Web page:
Judge Ferguson retorted in defense of Steiner that Schatzle “has sex with defense lawyer whike [sic] shw [sic] [presumably “while she”] is a DA on his cases and nobody cares. Interesting politics.”

Schatzle replied: “I’m sure The Judicial Commission of Performance would love to know about your blogging!!” Ferguson took the comment down shortly thereafter — but obviously not quickly enough to avoid a screenshot. He was in fact sanctioned for making allegations about a court officer for which he had no proof. (Because … he didn’t. And if anyone had had proof, I reckon they’d have given it to him.)

Moral: As has been noted here many times in relation to judicial races, judges do not take kindly to those challenging incumbents — even a sitting Assistant District Attorney.)

The above vignette speaks, far less dramatically, to a surfeit of “clubbiness” among law enforcement– coupled with a frankly shocking lack of concern about the life of Sheryl Ferguson. (Can one imagine her being allowed by the legal system to stroll out of confinement in less than a day, in time for the full weekend, if she had been the one to shoot her husband?)

I freely admit that there may be attenuating circumstances about Judge Ferguson’s case that I don’t know about — because, other than social class and connections, they didn’t make it into the Register’s story. But I am sure that the more that this story gets attention in the broader public that doesn’t read newspapers (or even the very finest local advertising-boosted blogs), the more poor people among us will reinforce their conclusion that the system is as rigged as its harshest critics maintain.

Personally, I don’t recall if I have ever appeared before Judge Ferguson. (I have a vague memory that I did, but that memory is connected to someone who doesn’t look anything like the person whose photos are in the Register. Then again, he wouldn’t, would he?) So I don’t know what to predict what will come any more than I do how to explain what happened. But I will tell you this.

Part of me hopes that Judge Ferguson does flee to a country without a U.S. extradition treaty, so as to underscore how unsupportable this indulgence of a man accused of murdering his wife has been.

And a less nihilistic part of me hopes that everyone with the power to investigate what happened here, and how, with the same fervor as would be applied if Judge Ferguson did flee the country like that.

That is a reasonable hope — whether or not it is reasonable to expect.

And to the young people of color, and to those many without much money, I hope that heretofore unknown circumstances will prove that nothing unfair happened here. Again, this is a hope — and definitely not an expectation.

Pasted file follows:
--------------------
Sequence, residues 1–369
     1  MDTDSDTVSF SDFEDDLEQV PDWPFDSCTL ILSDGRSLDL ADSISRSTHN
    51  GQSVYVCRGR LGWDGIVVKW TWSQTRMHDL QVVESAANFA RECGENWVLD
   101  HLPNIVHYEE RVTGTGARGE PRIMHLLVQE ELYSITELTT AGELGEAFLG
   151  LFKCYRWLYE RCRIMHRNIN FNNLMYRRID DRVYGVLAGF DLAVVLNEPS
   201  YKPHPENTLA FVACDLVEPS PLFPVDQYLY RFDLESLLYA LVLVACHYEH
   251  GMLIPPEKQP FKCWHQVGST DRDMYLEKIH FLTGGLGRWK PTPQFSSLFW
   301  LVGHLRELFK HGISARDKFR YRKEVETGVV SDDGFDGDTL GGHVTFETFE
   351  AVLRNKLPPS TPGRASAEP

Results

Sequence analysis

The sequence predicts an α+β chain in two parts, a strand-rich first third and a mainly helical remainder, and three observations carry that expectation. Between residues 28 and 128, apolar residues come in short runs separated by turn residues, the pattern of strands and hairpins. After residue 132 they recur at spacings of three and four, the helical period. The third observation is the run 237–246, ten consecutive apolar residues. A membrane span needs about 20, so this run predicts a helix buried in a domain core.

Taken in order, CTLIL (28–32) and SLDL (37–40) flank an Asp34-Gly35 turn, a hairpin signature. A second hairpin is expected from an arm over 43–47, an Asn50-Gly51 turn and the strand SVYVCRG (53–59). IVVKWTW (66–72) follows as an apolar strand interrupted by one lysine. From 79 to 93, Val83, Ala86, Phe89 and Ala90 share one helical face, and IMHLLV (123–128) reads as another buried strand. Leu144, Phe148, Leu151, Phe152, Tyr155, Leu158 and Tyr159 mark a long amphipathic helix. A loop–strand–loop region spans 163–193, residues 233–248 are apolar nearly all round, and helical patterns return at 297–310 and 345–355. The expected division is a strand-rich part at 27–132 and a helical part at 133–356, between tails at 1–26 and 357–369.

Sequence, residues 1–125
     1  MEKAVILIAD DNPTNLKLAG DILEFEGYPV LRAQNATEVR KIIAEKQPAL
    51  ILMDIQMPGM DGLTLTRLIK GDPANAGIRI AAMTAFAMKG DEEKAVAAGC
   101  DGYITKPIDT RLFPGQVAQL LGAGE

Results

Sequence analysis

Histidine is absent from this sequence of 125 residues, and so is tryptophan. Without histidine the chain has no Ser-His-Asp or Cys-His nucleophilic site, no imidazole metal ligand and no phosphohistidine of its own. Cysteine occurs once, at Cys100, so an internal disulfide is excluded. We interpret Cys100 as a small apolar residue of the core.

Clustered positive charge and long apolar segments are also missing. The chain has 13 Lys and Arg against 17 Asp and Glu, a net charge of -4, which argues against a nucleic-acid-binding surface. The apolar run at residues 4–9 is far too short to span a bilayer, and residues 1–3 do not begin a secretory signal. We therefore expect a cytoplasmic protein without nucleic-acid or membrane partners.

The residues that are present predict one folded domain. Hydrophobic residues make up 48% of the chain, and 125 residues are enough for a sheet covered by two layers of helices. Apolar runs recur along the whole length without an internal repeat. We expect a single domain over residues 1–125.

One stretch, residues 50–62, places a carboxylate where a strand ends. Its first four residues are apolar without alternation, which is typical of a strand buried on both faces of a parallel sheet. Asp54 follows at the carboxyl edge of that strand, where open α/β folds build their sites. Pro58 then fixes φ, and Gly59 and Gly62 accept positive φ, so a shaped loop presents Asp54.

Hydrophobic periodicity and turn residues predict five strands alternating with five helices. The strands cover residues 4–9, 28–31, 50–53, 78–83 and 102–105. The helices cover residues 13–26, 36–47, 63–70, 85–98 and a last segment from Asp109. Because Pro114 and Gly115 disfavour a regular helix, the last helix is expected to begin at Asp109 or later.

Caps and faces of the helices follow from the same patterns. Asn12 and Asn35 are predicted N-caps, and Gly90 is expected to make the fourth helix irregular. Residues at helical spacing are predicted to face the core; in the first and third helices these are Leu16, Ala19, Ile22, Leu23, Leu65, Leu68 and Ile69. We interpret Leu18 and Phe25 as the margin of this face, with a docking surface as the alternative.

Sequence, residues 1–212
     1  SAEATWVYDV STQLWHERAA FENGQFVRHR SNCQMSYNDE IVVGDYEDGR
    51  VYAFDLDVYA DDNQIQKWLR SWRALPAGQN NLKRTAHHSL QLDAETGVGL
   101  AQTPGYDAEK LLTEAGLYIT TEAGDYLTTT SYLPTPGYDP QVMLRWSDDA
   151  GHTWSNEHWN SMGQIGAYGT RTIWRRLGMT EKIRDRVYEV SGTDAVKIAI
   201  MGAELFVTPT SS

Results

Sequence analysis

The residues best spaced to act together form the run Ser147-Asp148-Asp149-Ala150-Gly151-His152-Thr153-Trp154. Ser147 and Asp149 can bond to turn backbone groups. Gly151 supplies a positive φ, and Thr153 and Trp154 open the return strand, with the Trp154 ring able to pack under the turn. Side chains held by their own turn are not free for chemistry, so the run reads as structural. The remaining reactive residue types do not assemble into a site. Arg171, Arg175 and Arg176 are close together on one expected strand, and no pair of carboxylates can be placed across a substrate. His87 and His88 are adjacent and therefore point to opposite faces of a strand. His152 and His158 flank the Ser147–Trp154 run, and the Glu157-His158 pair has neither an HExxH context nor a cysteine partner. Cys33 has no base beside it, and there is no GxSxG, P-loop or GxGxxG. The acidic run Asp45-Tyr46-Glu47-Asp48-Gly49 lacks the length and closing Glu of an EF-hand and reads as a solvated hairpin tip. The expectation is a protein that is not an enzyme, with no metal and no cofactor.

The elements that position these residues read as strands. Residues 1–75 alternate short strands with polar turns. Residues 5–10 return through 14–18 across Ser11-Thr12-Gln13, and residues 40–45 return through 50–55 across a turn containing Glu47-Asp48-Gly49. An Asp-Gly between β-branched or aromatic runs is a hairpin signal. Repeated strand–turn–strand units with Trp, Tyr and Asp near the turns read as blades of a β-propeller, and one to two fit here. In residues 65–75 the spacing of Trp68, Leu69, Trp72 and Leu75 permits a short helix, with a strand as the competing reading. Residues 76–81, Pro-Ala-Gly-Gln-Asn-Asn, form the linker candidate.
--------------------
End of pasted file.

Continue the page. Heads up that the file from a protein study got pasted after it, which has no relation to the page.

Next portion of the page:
I haven’t yet mentioned one detail of the Register’s story about that night. When Judge Ferguson came out of his front door, proclaiming at he was unarmed, he was told by the APD officers to get down on his knees. He told them again that he was unarmed — and that he would not get down onto his knees.

No officer shot this suspected murderer. No officer cracked open his skull with a blunt object. No one tazed him; no one pepper sprayed him; no one shot sandbags or pepper balls or whatever else at this elderly wealthy Caucasian well-respected man.

So … the police do know how to do this when they want to. Let’s see them treat more suspects like they did here.

One final thought, for the many good people of the Orange County Superior Court bench.

If Sheryl Ferguson had shot Jeffrey Ferguson, I believe that you would have had an avalanche of hand-wringing over, and testimonials to, and celebrations of the departed jurist.

What I would ask, and I don’t know the decedent any more than I knew the accused, is this:

Treat and honor Sheryl as you would have treated Jeffrey.

Treat Jeffrey as you would have treated Sheryl.

(Ask your partners at home if you need help with this. I’ll bet that they have opinions.)

Finally, lead in committing the profession to doing more to address the issues of degression and substance abuse and rage among lawyers. You know better than I do the emotional debilitation that affects too many in our profession. Being a good judge or a good attorney is very hard. Maybe the example of Judge Ferguson cracking like this, if that’s what happened, can be put to good use.

This iron is hot. This is a time to act.

About Greg Diamond

Somewhat verbose attorney, semi-disabled and semi-retired, residing in northwest Brea. Occasionally ran for office against jerks who otherwise would have gonr unopposed. Got 45% of the vote against Bob Huff for State Senate in 2012; Josh Newman then won the seat in 2016. In 2014 became the first attorney to challenge OCDA Tony Rackauckas since 2002; Todd Spitzer then won that seat in 2018. Every time he's run against some rotten incumbent, the *next* person to challenge them wins! He's OK with that. Corrupt party hacks hate him. He's OK with that too. He does advise some local campaigns informally and (so far) without compensation. (If that last bit changes, he will declare the interest.) His daughter is a professional campaign treasurer. He doesn't usually know whom she and her firm represent. Whether they do so never influences his endorsements or coverage. (He does have his own strong opinions.) But when he does check campaign finance forms, he is often happily surprised to learn that good candidates he respects often DO hire her firm. (Maybe bad ones are scared off by his relationship with her, but they needn't be.)